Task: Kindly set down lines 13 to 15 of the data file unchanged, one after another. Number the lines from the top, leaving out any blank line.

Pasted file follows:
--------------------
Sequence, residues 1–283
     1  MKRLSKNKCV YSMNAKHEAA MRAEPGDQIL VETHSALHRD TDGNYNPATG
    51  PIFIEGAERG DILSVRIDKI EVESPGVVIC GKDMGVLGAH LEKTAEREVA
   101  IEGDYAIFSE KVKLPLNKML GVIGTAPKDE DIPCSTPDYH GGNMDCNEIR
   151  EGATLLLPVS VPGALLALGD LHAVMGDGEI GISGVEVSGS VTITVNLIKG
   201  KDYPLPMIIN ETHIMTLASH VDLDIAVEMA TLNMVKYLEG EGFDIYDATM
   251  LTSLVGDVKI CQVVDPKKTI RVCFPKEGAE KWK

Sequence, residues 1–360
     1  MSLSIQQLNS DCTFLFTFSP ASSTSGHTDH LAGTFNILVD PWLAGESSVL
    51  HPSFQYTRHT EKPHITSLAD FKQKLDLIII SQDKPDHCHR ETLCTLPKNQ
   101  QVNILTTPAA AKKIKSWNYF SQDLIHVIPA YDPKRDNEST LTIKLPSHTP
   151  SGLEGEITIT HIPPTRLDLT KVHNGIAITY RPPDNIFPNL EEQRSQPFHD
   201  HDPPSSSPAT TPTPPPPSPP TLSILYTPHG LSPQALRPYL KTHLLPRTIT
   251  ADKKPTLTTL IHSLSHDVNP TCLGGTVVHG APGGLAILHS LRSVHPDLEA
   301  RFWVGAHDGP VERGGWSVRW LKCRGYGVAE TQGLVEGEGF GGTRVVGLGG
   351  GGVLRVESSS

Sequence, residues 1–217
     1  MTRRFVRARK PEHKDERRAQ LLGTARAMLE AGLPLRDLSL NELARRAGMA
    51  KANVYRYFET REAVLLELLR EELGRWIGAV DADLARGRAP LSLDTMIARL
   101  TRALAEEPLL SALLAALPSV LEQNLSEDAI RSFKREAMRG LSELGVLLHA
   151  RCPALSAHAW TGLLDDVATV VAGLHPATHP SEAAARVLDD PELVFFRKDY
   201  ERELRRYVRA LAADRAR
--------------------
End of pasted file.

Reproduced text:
   201  HDPPSSSPAT TPTPPPPSPP TLSILYTPHG LSPQALRPYL KTHLLPRTIT
   251  ADKKPTLTTL IHSLSHDVNP TCLGGTVVHG APGGLAILHS LRSVHPDLEA
   301  RFWVGAHDGP VERGGWSVRW LKCRGYGVAE TQGLVEGEGF GGTRVVGLGG